But a significant number of patients are interested in improving their smile without the burden of fixed braces on their teeth. This huge, untapped market is where you will find many patients opting for clear aligners. The benefits are obvious: the patient can remove them for eating and brushing, as long as he or she keeps them in place 21-22 hours a day. Many aligners are cosmetically appealing and virtually invisible, definitely cause less discomfort than traditional braces and generally require fewer appointments and less time in the office.

The only downside is the fact that they are removable and patients can choose not to wear them the recommended hours per day, thus influencing the results and treatment times.

Many of my colleagues also say the results just are not as good as fixed appliances.

I used to believe and say the same thing. And while clear aligners may not solve all the orthodontic problems of the world, with a thorough treatment plan, a ClinCheck set up properly and a very compliant patient, you will get results as good as, and sometimes even better than, your fixed appliance, and with fewer appointments.

In our offices, if we have a compliant patient and the aligners are fitting well, we often schedule appointments out 10-12 weeks and give the patient the appropriate number of aligners until the next visit.

If there are compliance issues, we will normally give a patient one or two sets at the most, and have him or her back at two to four weeks to evaluate their wear. Many times, patients start to wear them as required and get back on the appointment cycle of 10–12 weeks, which they prefer.

You can get exceptional results with a series of great-fitting aligners, a very compliant patient and, most important, the knowledge and skill needed to set the case up for success.

A case study
I'd like to share the story of a typical adult patient like those we see on a regular basis in our offices. Jessica, at age 42, did not like her smile and was concerned about wear on her lower front teeth, but she did not want traditional braces.

She presented with a deep anterior overbite, upper and lower crowding, retroclined upper central incisors and wear on her anterior teeth (see photos on this page). The treatment plan was Invisalign for 15-18 months.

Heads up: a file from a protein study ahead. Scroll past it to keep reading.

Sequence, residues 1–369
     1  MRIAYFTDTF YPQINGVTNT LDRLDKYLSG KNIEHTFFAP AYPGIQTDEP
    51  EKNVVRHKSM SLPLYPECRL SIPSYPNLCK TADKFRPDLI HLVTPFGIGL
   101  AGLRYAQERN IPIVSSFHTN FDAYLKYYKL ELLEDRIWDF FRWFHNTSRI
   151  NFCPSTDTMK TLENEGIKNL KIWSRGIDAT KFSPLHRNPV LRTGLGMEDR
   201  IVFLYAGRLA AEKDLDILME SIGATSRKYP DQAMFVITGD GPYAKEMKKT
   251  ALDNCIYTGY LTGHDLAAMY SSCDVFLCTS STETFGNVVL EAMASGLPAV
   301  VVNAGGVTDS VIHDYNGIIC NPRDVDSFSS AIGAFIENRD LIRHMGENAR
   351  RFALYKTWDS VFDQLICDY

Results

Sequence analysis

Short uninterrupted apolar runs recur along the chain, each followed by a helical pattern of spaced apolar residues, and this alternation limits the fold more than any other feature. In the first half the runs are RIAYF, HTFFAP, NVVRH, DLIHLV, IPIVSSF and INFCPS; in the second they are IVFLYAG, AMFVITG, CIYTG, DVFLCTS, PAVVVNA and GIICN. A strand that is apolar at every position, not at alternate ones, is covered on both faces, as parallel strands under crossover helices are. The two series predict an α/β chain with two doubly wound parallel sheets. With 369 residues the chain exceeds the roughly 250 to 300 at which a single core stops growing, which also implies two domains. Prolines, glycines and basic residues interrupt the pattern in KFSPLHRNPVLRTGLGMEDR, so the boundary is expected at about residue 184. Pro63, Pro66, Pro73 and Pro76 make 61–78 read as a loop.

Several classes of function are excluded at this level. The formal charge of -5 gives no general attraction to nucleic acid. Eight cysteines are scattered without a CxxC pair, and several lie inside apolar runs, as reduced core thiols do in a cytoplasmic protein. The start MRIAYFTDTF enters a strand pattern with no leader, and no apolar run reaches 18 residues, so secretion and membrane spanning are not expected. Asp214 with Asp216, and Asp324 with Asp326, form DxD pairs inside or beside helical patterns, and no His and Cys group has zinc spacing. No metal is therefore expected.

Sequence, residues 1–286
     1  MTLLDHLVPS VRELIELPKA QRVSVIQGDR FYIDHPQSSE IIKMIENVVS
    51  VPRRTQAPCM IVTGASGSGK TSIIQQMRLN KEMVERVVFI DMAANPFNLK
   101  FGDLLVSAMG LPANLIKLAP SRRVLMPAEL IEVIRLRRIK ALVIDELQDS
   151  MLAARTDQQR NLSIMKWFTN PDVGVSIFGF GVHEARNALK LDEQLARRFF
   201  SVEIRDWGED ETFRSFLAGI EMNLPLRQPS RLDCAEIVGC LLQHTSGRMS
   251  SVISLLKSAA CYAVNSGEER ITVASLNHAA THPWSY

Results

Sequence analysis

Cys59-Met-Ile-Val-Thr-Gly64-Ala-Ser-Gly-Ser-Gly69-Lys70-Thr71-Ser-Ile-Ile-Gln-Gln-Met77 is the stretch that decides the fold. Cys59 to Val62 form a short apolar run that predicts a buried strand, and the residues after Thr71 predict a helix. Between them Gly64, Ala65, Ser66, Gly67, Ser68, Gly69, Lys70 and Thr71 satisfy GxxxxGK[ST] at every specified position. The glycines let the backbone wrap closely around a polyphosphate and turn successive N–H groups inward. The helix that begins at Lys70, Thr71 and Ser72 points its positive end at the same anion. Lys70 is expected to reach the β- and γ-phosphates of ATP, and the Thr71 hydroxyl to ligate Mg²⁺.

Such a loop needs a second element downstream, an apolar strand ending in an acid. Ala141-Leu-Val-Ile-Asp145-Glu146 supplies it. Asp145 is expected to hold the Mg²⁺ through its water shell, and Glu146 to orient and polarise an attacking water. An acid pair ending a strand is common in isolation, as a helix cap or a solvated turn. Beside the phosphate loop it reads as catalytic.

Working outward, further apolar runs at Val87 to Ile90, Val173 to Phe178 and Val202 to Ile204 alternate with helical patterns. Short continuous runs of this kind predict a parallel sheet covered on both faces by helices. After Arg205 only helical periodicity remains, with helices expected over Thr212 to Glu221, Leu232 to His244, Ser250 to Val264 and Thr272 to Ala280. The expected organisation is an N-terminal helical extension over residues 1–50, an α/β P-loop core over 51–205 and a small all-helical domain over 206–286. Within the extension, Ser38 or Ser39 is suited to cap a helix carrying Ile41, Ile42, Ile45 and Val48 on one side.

Here you can see her initial photos and the extreme deep bite.

Jessica was compliant, wearing her aligners as prescribed, 22 hours a day. Her total treatment time was 15 months, with a total of 33 aligners. She had eight active treatment appointments, no refinements, and is now in retention.

As you can see, her deep bite was corrected, the alignment significantly improved and there was a slight change in her profile due to the change in her bite (see photos on this page). How many of us never would have thought this possible with clear aligners?

So here we are in 2015 with other options besides the traditional metal braces and wires.

Innovation and new technology drive the world today. As clinicians, we need to embrace these new technologies and use them to our benefit, both professionally and personally.

Dr. Donna Galante owns four orthodontic practices in Northern California and is a member of the Orthotown Magazine advisory board. In 1986, Galante received her orthodontic specialty certification at the University of Pennsylvania and opened her first private practice in King Of Prussia, Pennsylvania. From 1986 through 1993, she was a clinical instructor at the University of Pennsylvania's Department of Orthodontics where she worked directly with graduate students. She was twice voted "instructor of the year" by the orthodontics residents. In 1992, Galante became a diplomate of the American Board of Orthodontics.